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Bad feelings brewing among shop owners

Dunkin' Donuts franchisees say outside deals cut profits

Email|Print|Single Page| Text size + By Erica Noonan
Globe Staff / February 14, 2008

Relations between Canton-based Dunkin' Brands Inc. and some franchise owners have turned bitter over the chain's new agreements to allow Procter & Gamble, Sara Lee Foods, and Hess gas stations to distribute its coffee - something franchisees fear will cut deeply into their profits.

A survey of 100 New England and New York franchisees representing more than 1,000 stores, scheduled for release this morning by Dunkin' Donuts Independent Franchise Owners Inc., found 95 percent strongly oppose deals that allow P&G to sell discounted coffee beans in 40,000 stores nationwide, Sara Lee to sell the coffee in office buildings and private cafeterias, and Hess stations to dispense it through drink kiosks.

Owners group president Mark A. Dubinsky said he believed Boston-area franchisees were being sacrificed for a growth-at-all-costs corporate strategy designed to fuel a profitable initial public offering. Dunkin' Donuts has about 5,300 US locations, a number it has said it hopes to triple by 2020.

"This could make sense in other parts of the country where there is less brand awareness, but here in New England where we have one store for every 6,000 people, it dilutes the brand," he said. "We're taking coffee sales and moving them out of existing franchise stores."

Eighty-four percent of franchise owners said they have lost money because of increased competition, with nearly a quarter reporting a 20 percent or more decline in sales of 1-pound coffee bags. Sixty percent said the P&G deal "devalues" their franchises, and nearly all reported "declining cash flow" over the past year, a reflection of factors including increasing food and fuel prices, the group said. Specific income drops were not solicited in the survey.

The P&G deal, for one, pits discount bags of coffee beans against bags for sale at Dunkin' shops. In fact, many franchisees complained they had to keep their beans discounted during the recent holiday season - high season for gift sales - because local BJ's Wholesale Clubs offered them cheaper. Franchise owners paying as much as 5.9 percent of total sales in royalty franchise fees said they were outraged. "It's killing me," said one respondent. "They are infringing on the core of our business," wrote another.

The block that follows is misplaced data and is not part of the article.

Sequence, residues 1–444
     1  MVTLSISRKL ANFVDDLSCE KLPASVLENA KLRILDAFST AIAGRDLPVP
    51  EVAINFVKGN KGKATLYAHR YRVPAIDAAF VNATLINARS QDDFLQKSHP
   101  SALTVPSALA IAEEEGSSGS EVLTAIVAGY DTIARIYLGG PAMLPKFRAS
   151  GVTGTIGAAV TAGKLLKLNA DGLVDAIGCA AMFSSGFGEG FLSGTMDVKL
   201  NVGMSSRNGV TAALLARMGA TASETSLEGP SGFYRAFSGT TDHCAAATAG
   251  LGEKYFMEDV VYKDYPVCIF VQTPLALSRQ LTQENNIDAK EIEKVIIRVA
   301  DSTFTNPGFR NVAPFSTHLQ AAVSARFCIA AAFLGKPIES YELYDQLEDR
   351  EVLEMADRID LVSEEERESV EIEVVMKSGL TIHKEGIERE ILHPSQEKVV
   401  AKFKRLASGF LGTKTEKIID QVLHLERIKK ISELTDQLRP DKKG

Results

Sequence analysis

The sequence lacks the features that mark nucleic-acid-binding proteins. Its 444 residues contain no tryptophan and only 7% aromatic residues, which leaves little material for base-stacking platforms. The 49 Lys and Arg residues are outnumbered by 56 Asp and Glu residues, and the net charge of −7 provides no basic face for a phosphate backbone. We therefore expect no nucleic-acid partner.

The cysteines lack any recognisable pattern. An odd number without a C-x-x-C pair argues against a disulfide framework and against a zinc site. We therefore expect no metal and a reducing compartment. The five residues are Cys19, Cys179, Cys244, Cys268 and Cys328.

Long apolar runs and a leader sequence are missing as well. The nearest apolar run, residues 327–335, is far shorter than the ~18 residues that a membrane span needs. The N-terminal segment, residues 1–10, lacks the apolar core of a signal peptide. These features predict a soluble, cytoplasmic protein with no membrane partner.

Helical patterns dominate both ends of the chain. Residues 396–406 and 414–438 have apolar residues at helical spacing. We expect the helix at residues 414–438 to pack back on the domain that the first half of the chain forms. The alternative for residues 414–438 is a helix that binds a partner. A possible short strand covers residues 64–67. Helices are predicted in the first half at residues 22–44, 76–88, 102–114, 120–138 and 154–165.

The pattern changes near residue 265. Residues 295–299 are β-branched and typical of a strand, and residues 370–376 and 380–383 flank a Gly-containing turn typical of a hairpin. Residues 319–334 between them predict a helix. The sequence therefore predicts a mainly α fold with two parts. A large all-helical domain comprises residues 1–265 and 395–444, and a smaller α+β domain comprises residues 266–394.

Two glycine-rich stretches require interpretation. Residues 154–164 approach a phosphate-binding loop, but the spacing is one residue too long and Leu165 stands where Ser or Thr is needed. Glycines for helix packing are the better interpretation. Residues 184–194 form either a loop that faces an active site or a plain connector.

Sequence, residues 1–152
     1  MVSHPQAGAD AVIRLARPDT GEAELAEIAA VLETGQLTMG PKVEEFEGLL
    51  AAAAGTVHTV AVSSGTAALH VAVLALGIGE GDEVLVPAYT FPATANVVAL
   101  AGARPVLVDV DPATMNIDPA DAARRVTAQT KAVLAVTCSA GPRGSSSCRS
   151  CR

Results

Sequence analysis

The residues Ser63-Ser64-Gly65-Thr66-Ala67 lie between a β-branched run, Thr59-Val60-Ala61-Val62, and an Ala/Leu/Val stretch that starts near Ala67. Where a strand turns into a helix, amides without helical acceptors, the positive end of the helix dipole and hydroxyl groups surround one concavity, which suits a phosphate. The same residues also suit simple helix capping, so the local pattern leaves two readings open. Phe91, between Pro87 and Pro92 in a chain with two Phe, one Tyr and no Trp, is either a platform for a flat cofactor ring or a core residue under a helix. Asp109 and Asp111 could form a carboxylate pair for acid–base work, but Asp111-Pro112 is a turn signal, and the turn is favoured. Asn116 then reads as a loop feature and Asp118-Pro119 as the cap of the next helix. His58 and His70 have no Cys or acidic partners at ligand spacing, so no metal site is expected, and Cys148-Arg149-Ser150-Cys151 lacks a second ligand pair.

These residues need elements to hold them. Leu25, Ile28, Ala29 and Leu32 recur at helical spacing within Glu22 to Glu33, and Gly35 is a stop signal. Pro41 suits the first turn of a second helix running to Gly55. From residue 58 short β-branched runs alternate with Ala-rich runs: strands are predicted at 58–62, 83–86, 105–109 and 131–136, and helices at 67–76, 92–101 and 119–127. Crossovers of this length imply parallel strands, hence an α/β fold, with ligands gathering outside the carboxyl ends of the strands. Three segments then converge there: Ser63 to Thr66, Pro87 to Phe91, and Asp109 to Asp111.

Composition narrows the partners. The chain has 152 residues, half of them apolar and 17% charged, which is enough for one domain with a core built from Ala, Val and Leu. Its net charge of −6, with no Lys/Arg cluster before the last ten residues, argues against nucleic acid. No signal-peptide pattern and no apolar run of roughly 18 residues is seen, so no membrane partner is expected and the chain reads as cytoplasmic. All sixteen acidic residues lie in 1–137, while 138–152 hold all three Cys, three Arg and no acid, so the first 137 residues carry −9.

Steve Caldeira, chief global communications and public affairs officer for Dunkin' Brands, said yesterday in a statement that the new partnerships "benefit all franchisees by building customer and brand loyalty in both existing and new markets."

"We share a common goal with our franchisees to build franchisee profitability by responding to 'on-the-move' consumers' desire for their brand of coffee wherever they go," Caldeira said. "Quite simply, if our franchisees do not do well, then we do not do well."

Industry observer Dennis Lombardi said company-franchisee tensions are common when a brand chooses a no-holds-barred growth strategy. Time will tell if more customers become loyal to Dunkin' coffee because of the extra brand exposure, said Lombardi, executive vice president of food-services strategies at WD Partners in Columbus, Ohio.

"Generally, the more people who can be persuaded to use a brand, typically the better off the brand is and all the people in the franchises are," he said. "But not every change will benefit every franchisee."

Lombardi said it was unlikely Dunkin' would jeopardize its brand by going lax on standards with noncompany vendors. Chief competitor Starbucks managed to successfully deliver its coffee on airline flights and keep the integrity of its brand, he said. But Starbucks' stores are company owned, so it did not have to contend with franchisees.

Survey respondents also complained the corporation has become increasingly heavy-handed, demanding franchisees invest $25,000 in pizza and flatbread convection ovens and related equipment, or else face closure, said Dubinsky, who sold his family's chain of 27 stores in Lawrence, Methuen, New Hampshire, and Vermont last year. More than 60 percent of survey respondents agreed with the statement "Dunkin' Brands uses fear and intimidation as a tactic to manage or control its franchisees."

Other franchisees fear the recent deals are just the beginning and Dunkin' Brands will also license other vendors to sell bottled coffee drinks and packaged pastries, further cutting into the market, Dubinsky said.

"We have no idea what's next. It's unprecedented in the history of the brand to have such a focus on outside channels of distribution," he said.

Caldeira would not say if the chain was considering more outside distribution deals or whether new vendors would pay the same advertising-fund fee - 5 percent of total sales - typically charged to franchisees.

Erica Noonan can be reached at enoonan@globe.com.

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